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The V&A’s long-awaited Exhibition Road Quarter by Amanda Levete Architects opens

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First announced 20 years ago, the Exhibition Road Quarter will open to the public this Friday

The new spaces designed by Amanda Levete Architects (AL_A) complete a project that was first announced in 1997, when Daniel Libeskind’s controversial ‘Spiral’ scheme was mooted for a 2005 opening. When this scheme was scrapped in 2004, it was not until 2009 that new feasibility studies were undertaken, with the subsequent launch of a competition that saw AL_A selected as the winner in 2011.

The Exhibition Road Quarter aims to reframe the relationship between street and museum, and introduces a new 1,100m² temporary exhibition space - The Sainsbury Gallery - and 1,500m² of art handling and conservation space all sitting underneath a new courtyard, entrance hall, 30-seat café and shop.

Revisiting Aston Webb’s original intentions, the newly altered Aston Webb Screen makes it easier for people to drift in from Exhibition Road. Marks left by shrapnel damage were reinterpreted in the perforated aluminium doors between each of the screen’s columns, with a large central gate reintroducing the Royal Crest that sat above the original entrance. 

Behind the Aston Webb Screen is the Sackler Courtyard - the world’s first porcelain public courtyard paved in 11,000 handmade, patterned tiles that were inspired by the rich tradition of ceramics at the V&A. These tiles continue along the sloped roof of the café space.

The pattern of this courtyard is derived from the geometry of the gallery ceiling below, and the ceiling in turn is a response to the structural challenge of spanning 38m uninterrupted and column free, also negotiating the 2m level difference between exhibition road and the museum. The space draws in natural daylight via an oculus above (inspired by a museum vitrine) that can be exploited by exhibition designers, and these skylights also become a means of framing the surrounding historic buildings above.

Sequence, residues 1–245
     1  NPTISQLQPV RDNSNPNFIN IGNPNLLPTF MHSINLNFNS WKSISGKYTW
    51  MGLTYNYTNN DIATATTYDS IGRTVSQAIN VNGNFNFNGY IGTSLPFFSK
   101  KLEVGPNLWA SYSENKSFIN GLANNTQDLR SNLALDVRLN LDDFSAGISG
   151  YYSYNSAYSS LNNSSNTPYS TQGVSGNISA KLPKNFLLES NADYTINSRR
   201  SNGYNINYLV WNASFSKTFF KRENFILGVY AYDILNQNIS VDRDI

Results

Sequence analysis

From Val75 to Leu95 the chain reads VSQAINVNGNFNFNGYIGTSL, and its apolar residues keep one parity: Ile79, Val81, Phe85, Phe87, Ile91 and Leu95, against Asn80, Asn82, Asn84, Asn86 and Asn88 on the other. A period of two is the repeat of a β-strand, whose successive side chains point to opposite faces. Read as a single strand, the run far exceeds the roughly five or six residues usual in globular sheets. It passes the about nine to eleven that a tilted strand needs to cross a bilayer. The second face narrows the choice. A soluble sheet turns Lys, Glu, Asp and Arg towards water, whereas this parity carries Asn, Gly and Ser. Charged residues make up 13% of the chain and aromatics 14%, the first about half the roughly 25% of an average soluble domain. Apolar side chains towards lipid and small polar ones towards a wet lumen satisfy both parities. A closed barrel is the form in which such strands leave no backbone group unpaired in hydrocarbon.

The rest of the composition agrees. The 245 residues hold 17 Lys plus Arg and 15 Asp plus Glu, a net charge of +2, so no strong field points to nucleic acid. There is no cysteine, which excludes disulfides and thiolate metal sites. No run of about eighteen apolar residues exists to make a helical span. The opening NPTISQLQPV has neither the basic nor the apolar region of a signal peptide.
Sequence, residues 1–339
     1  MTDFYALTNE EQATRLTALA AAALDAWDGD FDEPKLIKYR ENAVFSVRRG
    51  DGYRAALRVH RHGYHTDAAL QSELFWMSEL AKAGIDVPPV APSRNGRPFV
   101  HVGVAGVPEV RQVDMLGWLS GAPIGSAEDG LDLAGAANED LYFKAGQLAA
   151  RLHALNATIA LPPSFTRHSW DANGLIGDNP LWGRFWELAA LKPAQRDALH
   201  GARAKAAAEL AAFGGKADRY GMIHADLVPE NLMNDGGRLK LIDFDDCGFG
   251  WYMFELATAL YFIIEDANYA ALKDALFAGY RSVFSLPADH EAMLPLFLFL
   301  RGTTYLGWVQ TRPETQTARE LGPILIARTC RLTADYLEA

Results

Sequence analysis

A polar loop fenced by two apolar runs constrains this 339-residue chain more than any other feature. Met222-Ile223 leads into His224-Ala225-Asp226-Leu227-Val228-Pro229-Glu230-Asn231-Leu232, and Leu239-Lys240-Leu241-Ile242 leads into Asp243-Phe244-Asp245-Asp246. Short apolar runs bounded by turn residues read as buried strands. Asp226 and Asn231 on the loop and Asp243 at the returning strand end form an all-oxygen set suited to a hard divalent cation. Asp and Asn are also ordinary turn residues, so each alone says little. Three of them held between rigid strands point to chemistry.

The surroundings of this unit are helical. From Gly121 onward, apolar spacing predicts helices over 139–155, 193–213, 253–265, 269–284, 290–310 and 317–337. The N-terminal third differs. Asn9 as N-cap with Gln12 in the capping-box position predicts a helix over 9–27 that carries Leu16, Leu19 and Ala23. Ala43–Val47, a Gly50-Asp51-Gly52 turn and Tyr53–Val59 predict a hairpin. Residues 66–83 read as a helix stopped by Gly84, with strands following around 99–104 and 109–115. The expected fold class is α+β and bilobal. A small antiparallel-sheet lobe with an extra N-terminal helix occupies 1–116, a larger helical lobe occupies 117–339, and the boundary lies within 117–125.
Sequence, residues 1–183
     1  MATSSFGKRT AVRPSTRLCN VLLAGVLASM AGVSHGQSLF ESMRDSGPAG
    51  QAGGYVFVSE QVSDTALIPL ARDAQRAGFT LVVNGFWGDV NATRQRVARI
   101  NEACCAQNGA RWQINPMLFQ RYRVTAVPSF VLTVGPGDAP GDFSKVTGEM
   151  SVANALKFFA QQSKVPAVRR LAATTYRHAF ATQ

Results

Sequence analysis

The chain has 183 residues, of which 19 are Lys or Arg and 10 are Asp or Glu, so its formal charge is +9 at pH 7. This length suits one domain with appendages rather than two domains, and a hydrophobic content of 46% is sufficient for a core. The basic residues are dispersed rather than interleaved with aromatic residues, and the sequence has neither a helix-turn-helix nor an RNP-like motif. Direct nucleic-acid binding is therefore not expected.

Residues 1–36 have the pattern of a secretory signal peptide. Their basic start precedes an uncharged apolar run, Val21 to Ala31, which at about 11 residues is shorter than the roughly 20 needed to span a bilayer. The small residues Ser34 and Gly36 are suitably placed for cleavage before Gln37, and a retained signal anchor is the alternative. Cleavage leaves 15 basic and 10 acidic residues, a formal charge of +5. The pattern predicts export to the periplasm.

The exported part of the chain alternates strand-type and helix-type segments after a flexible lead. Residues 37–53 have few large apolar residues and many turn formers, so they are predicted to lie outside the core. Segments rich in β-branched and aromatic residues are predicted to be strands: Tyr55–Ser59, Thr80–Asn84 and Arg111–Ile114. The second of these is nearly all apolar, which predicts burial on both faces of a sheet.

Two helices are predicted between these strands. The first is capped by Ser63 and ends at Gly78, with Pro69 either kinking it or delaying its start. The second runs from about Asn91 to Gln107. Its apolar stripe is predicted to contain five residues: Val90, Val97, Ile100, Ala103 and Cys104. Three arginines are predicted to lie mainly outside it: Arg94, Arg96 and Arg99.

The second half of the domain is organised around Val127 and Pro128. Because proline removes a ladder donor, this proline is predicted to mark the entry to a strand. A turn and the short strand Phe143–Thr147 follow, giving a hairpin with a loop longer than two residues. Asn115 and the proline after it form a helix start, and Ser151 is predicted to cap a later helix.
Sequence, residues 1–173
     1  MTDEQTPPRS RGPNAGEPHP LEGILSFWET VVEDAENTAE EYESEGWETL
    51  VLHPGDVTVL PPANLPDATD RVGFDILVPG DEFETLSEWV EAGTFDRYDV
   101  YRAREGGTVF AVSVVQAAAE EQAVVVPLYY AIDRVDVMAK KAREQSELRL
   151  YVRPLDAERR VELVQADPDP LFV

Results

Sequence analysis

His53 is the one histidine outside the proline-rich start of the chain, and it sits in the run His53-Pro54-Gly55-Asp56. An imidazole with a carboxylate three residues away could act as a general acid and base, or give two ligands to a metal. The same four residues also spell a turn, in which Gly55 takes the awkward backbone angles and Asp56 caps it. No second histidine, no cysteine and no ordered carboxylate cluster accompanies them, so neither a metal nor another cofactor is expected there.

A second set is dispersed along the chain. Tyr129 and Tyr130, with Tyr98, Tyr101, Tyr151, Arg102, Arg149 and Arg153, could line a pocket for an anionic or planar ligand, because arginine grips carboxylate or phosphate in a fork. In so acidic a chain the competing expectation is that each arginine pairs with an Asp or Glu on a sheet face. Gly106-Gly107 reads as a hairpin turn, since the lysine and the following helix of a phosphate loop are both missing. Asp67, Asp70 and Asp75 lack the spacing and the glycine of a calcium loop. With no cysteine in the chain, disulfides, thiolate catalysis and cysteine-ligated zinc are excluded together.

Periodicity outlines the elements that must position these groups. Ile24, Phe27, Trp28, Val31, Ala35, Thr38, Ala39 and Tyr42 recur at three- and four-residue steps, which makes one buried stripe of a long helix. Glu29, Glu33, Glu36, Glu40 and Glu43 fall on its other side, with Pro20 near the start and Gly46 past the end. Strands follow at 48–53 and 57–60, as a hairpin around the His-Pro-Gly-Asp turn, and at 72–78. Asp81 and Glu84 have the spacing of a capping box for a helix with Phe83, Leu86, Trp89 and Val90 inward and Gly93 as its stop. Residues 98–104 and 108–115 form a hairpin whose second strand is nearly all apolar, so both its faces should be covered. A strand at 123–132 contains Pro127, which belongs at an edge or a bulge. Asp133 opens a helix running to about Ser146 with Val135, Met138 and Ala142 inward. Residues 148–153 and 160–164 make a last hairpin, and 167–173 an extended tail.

The vast dedicated conservation and art handling spaces and new loading bay were designed with the largest objects the V&A handles in mind (the Majahara’s Rolls Royce being the largest to date), and provide secure spaces for unpacking and preparing. Construction involved piling down almost 50m within 1m of a Grade I-listed building, underpinning a wing of the V&A while the museum remained fully operational. The courtyard is supported by 14 triangular trusses that span the void above the Sainsbury Gallery, which sits 18m below. 

007 the sackler courtyard and cafe, v&a exhibition road quarter, designed by al a ©hufton+crow

007 the sackler courtyard and cafe, v&a exhibition road quarter, designed by al a ©hufton+crow

Architect’s view

The Exhibition Road Quarter is a reflection of the pioneering identity of the V&A and continues its mission of innovation into the twenty-first century. 

We have reframed the relationship between Exhibition Road and the Museum, creating a less formal, more public place that is as much of the street as it is of the Museum. It will attract and welcome in new audiences, making ideas of accessibility and democracy very explicit. This Quarter reimagines the museum as an urban project. The new courtyard creates an exceptional place for London – a destination for installations, events and, above all, for appropriation by the public.